Monday, July 24, 2006



The high costs of keeping broadcasting decent


Over the past generation, under both Republican and Democratic
administrations, the federal government has staged a broad
retreat from broadcast regulation. Rules requiring balance in
presentations of public controversy, forcing networks to buy
programs from independent studios, limiting the number of
stations a single company can own -- all and much more have
been loosened or scrapped. But in one area regulators not only
haven't retreated, they have launched a fierce
counteroffensive. That's indecency. For decades, the Federal
Communications Commission's response to bad language was
largely confined to slapping around radio shock jocks for
outrageous sexual banter, a Washington Post compilation of
enforcement actions found. George Carlin's 1973 ''seven dirty
words'' broadcast made him famous, but it didn't cost him a
dime. If not for Howard Stern, who apparently has to ask all
his interviewees about their first sexual experiences, there
were perhaps a dozen fines exceeding four figures before the
new millennium.


The New York Times

July 24, 2006
Op-Ed Contributor

He Who Cast the First Stone Probably Didn't

LONG before seat belts or common sense were particularly
widespread, my family made annual trips to New York in our
1963 Valiant station wagon. Mom and Dad took the front seat,
my infant sister sat in my mother's lap and my brother and I
had what we called "the wayback" all to ourselves. In the
wayback, we'd lounge around doing puzzles, reading comics and
counting license plates. Eventually we'd fight. When our fight
had finally escalated to the point of tears, our mother would
turn around to chastise us, and my brother and I would start
to plead our cases. "But he hit me first," one of us would
say, to which the other would inevitably add, "But he hit me
harder." It turns out that my brother and I were not alone in
believing that these two claims can get a puncher off the
hook. In virtually every human society, "He hit me first"
provides an acceptable rationale for doing that which is
otherwise forbidden. Both civil and religious law provide long
lists of behaviors that are illegal or immoral - unless they
are responses in kind, in which case they are perfectly fine.


The Washington Post

Detainees, if Freed, Could Help U.S.

By James Hailer
Monday, July 24, 2006; A19

Since the Supreme Court's decision in Hamdan v. Rumsfeld ,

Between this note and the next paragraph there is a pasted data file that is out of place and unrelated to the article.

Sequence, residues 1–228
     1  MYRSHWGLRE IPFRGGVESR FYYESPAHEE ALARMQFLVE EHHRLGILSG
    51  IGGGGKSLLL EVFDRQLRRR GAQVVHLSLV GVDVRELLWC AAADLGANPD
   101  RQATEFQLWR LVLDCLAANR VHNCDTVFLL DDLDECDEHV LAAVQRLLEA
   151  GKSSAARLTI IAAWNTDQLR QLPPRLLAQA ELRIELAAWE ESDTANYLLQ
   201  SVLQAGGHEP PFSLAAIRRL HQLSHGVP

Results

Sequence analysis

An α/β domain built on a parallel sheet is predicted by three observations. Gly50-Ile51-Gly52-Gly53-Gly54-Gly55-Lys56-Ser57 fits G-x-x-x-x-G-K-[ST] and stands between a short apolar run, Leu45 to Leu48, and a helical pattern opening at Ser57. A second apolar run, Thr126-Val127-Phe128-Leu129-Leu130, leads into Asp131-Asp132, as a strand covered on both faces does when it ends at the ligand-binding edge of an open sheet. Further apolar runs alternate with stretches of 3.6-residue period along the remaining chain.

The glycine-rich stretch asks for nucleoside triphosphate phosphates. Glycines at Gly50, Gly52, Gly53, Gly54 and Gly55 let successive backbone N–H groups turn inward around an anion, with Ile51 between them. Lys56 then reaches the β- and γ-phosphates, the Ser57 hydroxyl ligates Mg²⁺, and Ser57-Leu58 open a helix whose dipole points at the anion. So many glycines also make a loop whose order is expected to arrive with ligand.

much ink has been devoted to what should be done about
prisoners at Guantanamo Bay, Cuba. I have a simple solution:
Turn 'em loose. Why? First, I think we may have extracted as
much intelligence as we are going to get from these guys. They
have served their purpose; they can go. Second, we could
finally shake the albatross of Guantanamo from our neck. A
friend of mine who recently returned from Switzerland said
that even though Europe was in the middle of World Cup frenzy
(with the Swiss playing well), the topic du jour at dinner was
not soccer but Guantanamo. Americans, for the most part,
ignore Guantanamo, but for the rest of the world, it is
front-page news. The sooner we bathe this wound the better.


The New York Times

July 24, 2006
Op-Ed Columnist

Find a Better Way

It's too late now, but Israel could have used a friend in the
early stages of its war with Hezbollah - a friend who could
have tugged at its sleeve and said: "O.K. We understand. But
enough." That friend should have been the United States. It is
not difficult to understand both Israel's obligation to lash
back at the unprovoked attacks of Hezbollah, and the
longstanding rage and frustration that have led the Israelis
to attempt to obliterate, once and for all, this unrelenting
terrorist threat. Israelis are always targets for terror -
whether they are minding their own business in their homes, or
shopping at the mall, or taking a bus to work, or celebrating
the wedding of loved ones. (A quick example from a seemingly
endless list: An Israeli security guard prevented a
Palestinian suicide bomber from entering a mall in the seaside
town of Netanya last December. The bomber detonated his
explosives anyway, killing himself, the guard and four


July 24, 2006
Op-Ed Columnist

Black and Blue

According to the White House transcript, here's how it went
last week, when President Bush addressed the N.A.A.C.P. for
the first time: THE PRESIDENT: "I understand that many
African-Americans distrust my political party." AUDIENCE:
"Yes! (Applause.)" But Mr. Bush didn't talk about why
African-Americans don't trust his party, and black districts
are always blue on election maps. So let me fill in the
blanks. First, G.O.P. policies consistently help those who are
already doing extremely well, not those lagging behind - a
group that includes the vast majority of African-Americans.
And both the relative and absolute economic status of blacks,
after improving substantially during the Clinton years, have
worsened since 2000.


American Bar Association Panel Criticizes Bush's Practice of
Challenges to New Laws

7/24/06 3:26AM GMT

By GINA HOLLAND , Associated Press Writer

President Bush's penchant for writing exceptions to laws he
has just signed violates the Constitution, an American Bar
Association task force says in a report highly critical of the
practice. The ABA group, which includes a one-time FBI
director and former federal appeals court judge, said the
president has overstepped his authority in attaching
challenges to hundreds of new laws. The attachments, known as
bill-signing statements, say Bush reserves a right to revise,
interpret or disregard measures on national security and
constitutional grounds. "This report raises serious concerns
crucial to the survival of our democracy," said the ABA's
president, Michael Greco. "If left unchecked, the president's
practice does grave harm to the separation of powers doctrine,
and the system of checks and balances that have sustained our
democracy for more than two centuries."